There was a time before Photoshop and digital cameras. For me that was about 15 years ago. The three images here tell a little of the story. The first, a sheep on a hillside somewhere near Cymystwyth in Ceredigion, provided the raw material for a renaissance in my interest in photography. It was shot on film, one of the last rolls I would expose for about five or six years. For a couple of years I'd been scanning old family photos and cleaning them up and scanning old postcards to sell on eBay. I was using Photoshop as a touch-up and crop program. With the hardware and software to hand it wasn't long before I was scanning the occasional good photo that was coming back from the photo lab in St Mary's Street. The scanner and computer would conspire often to make this a headbangingly and thus painfully slow process. I doubt I did much to it once I had it on screen. But I liked doing it and I soon ran out of my own images to scan and 'mess with'. It wasn't hard to persuade myself that the emulsion was now the costly bottleneck. Calculating that the money saved on film and crappy quality processing could fund a new camera. Hello Fuji FinePix 4900z! What a lovely little camera you were.And so began the years of expensive recording media and expensive storage media and hard drives that were over-filled. Oh and the damned printer and the rip-off ink. What happened to those savings I had promised myself? Not the earliest of adopters, I, but early enough to remember now puny memory cards that cost... well never mind, they cost a lot. So, the two remaining images represent the 'up' side, my newly roused enthusiasm for getting out and about, and bleary-eyed learning sessions manipulating multiple images. Here we have some rather lovely Camelias melded with pearl like rain drops. I had that one praised in AP. The other is what happens when sunsets and Shevaughn collide with the stableyard at Llanerchaeron.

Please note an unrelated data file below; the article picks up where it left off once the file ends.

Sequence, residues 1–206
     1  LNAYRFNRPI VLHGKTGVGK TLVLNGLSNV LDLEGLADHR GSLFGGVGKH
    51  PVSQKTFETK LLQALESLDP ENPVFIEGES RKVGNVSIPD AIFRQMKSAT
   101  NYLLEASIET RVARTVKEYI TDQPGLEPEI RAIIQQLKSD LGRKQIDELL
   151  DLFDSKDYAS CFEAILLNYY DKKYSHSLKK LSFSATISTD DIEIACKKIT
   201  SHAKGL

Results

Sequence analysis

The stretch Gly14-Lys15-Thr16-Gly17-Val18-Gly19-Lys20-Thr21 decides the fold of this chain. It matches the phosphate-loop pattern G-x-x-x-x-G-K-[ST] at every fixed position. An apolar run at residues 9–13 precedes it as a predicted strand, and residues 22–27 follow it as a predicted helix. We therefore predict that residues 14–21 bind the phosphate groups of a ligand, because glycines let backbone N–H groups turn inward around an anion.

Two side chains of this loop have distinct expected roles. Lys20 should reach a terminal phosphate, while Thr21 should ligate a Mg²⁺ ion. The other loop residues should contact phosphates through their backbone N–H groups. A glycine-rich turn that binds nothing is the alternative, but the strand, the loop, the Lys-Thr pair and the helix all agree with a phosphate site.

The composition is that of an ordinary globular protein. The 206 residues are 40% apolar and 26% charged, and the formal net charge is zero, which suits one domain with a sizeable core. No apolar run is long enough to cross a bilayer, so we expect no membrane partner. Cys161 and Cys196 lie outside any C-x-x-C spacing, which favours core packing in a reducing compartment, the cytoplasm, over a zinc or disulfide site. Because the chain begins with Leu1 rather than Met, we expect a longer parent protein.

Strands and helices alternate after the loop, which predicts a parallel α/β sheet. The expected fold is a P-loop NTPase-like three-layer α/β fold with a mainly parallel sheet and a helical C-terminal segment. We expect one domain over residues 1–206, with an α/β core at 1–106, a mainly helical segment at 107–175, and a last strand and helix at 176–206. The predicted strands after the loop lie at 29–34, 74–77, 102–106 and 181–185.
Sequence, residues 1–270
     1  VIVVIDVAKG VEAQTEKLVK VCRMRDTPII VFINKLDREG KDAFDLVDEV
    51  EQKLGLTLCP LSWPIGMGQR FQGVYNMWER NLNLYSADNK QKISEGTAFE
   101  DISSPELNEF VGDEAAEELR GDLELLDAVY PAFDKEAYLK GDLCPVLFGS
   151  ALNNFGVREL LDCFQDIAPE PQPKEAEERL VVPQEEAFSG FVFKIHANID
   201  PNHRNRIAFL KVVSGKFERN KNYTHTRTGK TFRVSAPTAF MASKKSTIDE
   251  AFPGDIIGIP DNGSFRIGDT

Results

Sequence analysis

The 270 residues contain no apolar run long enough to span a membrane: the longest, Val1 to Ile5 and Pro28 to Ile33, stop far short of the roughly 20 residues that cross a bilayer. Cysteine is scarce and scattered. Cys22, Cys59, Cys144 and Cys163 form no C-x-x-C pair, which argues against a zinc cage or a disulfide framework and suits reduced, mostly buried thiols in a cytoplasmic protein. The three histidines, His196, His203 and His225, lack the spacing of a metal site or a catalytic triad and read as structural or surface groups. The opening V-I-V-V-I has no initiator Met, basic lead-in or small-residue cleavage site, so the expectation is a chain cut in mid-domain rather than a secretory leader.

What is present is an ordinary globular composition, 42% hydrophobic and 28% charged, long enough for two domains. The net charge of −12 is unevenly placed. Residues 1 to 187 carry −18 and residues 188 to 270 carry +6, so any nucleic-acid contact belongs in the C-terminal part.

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My Ceredigion and Cardigan Bay
Welcome to the blog of Paul Williams, Ceredigion resident since 1970. I am a graduate of what was once known as St David's University College, at Lampeter. I played bass in Dyfed's first punk band, The Repeaters. Then living in Llandewi Brefi, we had a grandstand view of Operation Julie. Eventually, after 2 years playing bass in Brighton's 256th punk band, I returned to Wales to deal in books and then antiques. I have trained and worked as a counsellor, I am a photographer, blog and web builder and I publish the annual Wales Antiques Guide. I am married and a father of one.